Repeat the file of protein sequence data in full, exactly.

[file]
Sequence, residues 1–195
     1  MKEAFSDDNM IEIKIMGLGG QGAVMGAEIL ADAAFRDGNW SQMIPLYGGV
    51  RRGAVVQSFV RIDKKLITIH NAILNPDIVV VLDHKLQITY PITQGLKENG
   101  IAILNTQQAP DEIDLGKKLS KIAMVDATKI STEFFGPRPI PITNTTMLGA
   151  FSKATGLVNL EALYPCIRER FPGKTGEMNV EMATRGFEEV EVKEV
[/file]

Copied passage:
Sequence, residues 1–195
     1  MKEAFSDDNM IEIKIMGLGG QGAVMGAEIL ADAAFRDGNW SQMIPLYGGV
    51  RRGAVVQSFV RIDKKLITIH NAILNPDIVV VLDHKLQITY PITQGLKENG
   101  IAILNTQQAP DEIDLGKKLS KIAMVDATKI STEFFGPRPI PITNTTMLGA
   151  FSKATGLVNL EALYPCIRER FPGKTGEMNV EMATRGFEEV EVKEV